I thought that it would be appropriate to write a blog on gas prices and urban development as the price of oil jumped today to an unbelievable $140 a barrel. Many experts predict that gas prices will continue to rise throughout the rest of the year. If the price of a barrel of oil hits $150, a per gallon price could be as much as $7.00. The continued increase in gas and the strain it is putting on a commuters cash flow will cause many to reconsider how far they live from work, and how often they use public transportation alternatives. Experts predict that we will see this trend all over the United States for possibly the next 50 years. It will cause most cities to rethink the effectiveness of its public transportation systems and growth of its urban areas. This trend was outline in a comprehensive survey entitled: Gas Prices: The Tipping Point Toward Better Development? ULIs Nationwide Survey Explores Consumer Attitudes The Urban Land Institute had this to say on the topic: Higher gas prices are causing Americans to alter their driving habits and to either use or consider using transit if the option is available, according to a consumer survey released today by the Urban Land Institute (ULI). The survey results reinforce the need to build and rebuild urban regions in ways that offer alternatives to car-dependent development, according to representatives of the Institute. Particularly interesting in this survey was the conclusion that urban dwellers were far more likely to change their lifestyles to incorporate more environmentally conscious gas saving solutions. Residents in suburban and rural areas were more likely than those in urban areas to purchase a more fuel-efficient car. They were far less likely than urban residents to increase bicycling and walking, or to look for a home closer to work, suggesting that their current living environment is not conducive to transportation alternatives.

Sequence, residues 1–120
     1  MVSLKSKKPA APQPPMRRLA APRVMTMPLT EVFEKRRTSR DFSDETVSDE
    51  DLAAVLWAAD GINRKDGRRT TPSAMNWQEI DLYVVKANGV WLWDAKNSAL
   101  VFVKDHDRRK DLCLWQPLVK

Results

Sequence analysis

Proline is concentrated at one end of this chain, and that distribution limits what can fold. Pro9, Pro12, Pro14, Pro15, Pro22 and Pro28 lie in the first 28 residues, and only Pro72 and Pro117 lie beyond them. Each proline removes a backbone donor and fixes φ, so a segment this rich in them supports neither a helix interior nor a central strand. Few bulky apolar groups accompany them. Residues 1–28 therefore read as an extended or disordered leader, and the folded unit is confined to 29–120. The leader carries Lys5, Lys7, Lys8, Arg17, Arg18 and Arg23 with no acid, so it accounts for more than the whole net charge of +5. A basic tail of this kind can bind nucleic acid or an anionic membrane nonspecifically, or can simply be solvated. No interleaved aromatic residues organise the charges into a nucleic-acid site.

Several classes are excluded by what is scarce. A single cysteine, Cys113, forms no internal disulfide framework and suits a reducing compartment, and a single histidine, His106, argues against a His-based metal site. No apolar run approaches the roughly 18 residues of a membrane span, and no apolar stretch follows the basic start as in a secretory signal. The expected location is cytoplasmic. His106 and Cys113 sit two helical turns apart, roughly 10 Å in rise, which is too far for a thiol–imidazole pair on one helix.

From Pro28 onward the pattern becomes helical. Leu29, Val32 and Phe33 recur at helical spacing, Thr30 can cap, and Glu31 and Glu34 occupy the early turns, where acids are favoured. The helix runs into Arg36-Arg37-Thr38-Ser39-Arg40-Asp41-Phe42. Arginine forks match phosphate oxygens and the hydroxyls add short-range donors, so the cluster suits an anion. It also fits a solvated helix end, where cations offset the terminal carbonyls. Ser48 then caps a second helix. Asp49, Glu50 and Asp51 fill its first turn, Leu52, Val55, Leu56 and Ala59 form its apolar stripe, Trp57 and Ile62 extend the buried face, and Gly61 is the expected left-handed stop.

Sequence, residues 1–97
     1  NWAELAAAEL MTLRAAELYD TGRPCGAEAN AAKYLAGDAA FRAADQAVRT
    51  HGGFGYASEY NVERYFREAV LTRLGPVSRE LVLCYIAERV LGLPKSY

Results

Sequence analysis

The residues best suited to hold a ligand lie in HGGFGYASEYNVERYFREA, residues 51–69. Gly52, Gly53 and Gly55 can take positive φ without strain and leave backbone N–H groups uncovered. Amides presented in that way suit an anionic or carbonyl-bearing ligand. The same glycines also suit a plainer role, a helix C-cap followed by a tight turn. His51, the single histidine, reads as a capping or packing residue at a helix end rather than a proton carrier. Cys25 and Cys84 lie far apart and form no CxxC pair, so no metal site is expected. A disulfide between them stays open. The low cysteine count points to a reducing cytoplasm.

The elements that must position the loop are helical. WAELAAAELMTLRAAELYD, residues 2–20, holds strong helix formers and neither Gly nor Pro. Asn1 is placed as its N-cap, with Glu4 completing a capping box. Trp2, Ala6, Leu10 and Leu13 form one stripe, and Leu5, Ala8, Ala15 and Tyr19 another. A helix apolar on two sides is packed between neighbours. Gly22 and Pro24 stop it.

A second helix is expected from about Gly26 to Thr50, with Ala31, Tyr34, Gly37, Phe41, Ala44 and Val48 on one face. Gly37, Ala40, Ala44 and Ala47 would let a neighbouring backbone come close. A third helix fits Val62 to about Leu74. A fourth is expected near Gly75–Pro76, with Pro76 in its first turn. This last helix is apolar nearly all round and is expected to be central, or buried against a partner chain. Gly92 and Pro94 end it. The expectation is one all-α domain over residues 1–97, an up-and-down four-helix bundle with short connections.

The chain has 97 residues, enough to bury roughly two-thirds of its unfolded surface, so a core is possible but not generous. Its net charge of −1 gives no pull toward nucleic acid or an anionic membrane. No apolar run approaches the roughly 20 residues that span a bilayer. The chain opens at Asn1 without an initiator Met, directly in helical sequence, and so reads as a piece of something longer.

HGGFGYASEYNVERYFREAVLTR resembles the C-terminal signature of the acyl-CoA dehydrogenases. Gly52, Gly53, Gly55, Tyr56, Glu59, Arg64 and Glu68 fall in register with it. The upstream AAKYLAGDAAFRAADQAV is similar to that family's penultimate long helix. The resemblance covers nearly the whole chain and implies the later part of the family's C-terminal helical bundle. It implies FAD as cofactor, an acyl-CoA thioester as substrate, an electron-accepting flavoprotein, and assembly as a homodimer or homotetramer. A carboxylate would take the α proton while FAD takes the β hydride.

As an urbanite myself, I cant tell you how thankful I am in walking a couple hundred yards to work. Everything from the grocery store, theaters, restaurants, and services are just around the corner. This is infrastructure. It is infrastructure that gives an urban community its price per square foot value. In Downtown San Diego, the CCDC has done a very good job with the development of specific neighborhood infrastructure. They did this even before we were on the verge of national gasoline crisis. For those of you already living Downtown, it means that your property value will continue be in high demand. For those of you not living in Downtown San Diego yet, what are you waiting for?